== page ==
The truth of the matter is that most people do not seek help for mental illness because of the stigmas that surround mental illness. If we are really honest with ourselves, we can acknowledge that we do not want to be shamed or seen as weak. Mental illness to some implies ‘less than normal’. For many of us, mental illness means that we have somehow caused our brains to stop functioning properly and we should, therefore, be ashamed of our deficits. Society tells us that only normal is acceptable. Yet, I’m still trying to figure out who decides the standards for normal?
Spirituality and mental health are very much related, but together they make many people uncomfortable and maybe even, confrontational. There is the age-old issue of therapists not wanting to work with clients who are of different faiths. There is the issue of therapists not wanting to work with clients whose lifestyles differ from their religious beliefs. There are clients who do not want to work with therapists who are not of their cultural and religious beliefs. There are, of course, counselors who involve the clients’ faith in their therapy. I belong to the latter group. If a client wants to discuss their religious and spiritual beliefs, I am very much comfortable with that discussion. If the client’s faith is unfamiliar to me, well then, it’s my job to do research to get to know that belief, and also to listen to the client’s experiences of that belief.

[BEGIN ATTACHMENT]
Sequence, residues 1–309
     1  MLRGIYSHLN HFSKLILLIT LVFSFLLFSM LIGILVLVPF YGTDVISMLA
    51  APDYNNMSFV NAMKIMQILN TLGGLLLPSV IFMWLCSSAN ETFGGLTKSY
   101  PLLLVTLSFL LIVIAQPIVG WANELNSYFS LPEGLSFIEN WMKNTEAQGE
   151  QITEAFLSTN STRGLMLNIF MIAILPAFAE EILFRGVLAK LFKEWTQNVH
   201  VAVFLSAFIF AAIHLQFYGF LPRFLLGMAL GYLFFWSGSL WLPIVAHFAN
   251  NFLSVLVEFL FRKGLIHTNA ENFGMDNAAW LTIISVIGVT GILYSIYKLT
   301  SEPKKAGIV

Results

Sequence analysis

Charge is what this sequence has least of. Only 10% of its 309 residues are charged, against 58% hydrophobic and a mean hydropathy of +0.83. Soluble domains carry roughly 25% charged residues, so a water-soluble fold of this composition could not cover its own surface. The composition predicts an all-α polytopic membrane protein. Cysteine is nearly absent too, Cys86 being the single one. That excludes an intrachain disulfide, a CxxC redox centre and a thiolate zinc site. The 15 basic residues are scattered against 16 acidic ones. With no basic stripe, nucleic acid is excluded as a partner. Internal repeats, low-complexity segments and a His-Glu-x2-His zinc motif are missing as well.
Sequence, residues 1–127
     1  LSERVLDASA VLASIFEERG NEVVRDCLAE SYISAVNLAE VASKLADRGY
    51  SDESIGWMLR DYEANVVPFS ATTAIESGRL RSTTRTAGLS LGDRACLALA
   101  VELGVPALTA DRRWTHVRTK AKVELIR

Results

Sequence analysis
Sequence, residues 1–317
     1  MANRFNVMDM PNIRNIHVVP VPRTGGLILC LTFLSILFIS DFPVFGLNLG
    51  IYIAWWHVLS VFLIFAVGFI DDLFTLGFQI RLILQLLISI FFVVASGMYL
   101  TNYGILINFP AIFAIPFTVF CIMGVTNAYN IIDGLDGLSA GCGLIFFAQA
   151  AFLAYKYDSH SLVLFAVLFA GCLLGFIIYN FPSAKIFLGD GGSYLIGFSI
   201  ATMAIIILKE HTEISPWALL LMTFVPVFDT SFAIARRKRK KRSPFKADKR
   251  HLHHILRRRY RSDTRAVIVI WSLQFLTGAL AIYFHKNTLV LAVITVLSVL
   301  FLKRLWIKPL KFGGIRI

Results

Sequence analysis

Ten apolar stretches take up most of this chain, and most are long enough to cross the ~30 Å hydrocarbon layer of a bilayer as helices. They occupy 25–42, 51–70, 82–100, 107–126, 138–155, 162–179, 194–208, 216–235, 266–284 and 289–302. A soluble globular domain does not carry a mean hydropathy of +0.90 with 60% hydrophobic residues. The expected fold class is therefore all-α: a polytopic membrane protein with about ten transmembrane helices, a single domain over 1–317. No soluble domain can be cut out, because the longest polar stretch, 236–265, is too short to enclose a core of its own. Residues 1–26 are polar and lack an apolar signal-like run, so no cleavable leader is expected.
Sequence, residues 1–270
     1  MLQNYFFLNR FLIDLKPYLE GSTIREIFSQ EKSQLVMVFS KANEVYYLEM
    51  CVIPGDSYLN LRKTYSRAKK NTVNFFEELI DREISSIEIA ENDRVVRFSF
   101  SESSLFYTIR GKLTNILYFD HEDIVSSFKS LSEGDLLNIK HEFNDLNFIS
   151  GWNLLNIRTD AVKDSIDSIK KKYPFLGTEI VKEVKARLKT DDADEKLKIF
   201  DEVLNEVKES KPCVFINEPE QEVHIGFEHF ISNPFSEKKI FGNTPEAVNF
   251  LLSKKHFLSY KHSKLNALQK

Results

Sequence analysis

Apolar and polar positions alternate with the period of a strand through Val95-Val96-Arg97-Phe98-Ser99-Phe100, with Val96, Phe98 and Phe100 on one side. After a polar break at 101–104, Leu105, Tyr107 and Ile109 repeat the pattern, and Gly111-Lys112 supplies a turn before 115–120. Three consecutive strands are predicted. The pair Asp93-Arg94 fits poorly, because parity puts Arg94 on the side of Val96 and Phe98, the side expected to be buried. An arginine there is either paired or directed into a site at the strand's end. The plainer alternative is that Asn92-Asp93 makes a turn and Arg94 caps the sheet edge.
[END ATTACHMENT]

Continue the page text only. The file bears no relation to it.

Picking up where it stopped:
Image courtesy of Oprah.com
I think unlike any other race, blacks have had to endure excessive amounts of trauma that has lasted centuries and are hardwired into our psyche. These built-in emotional, cultural, spiritual, racial, and mental traumas have shaped our histories, our beliefs, values, and our strengths and weaknesses. When we say that black mental health is a necessity, we mean that we must be mindful of the hurt and trauma that lingers in our minds, bodies, emotions, and psyche. The late Maya Angelou said it best, “I come as one but stand as ten thousand,” because our souls are filled with the pain of the past hurts and continued triggers we still deal with.
So, I figured I would just jump right into the heart of the matter. I created this website to spread awareness about mental health, particularly black mental health. As a therapist, I am wholeheartedly in support of taking care of ourselves…mind, body, and spirit. I believe that self-care should be holistic and serve us in the ways that we need to be served. With that being said, I know that we understand the value of seeking medical expertise for our bodies and seeking God, or the universe, or whomever you seek for spiritual fulfillment, but we oftentimes neglect our mental health because we are not taught to take care of ourselves.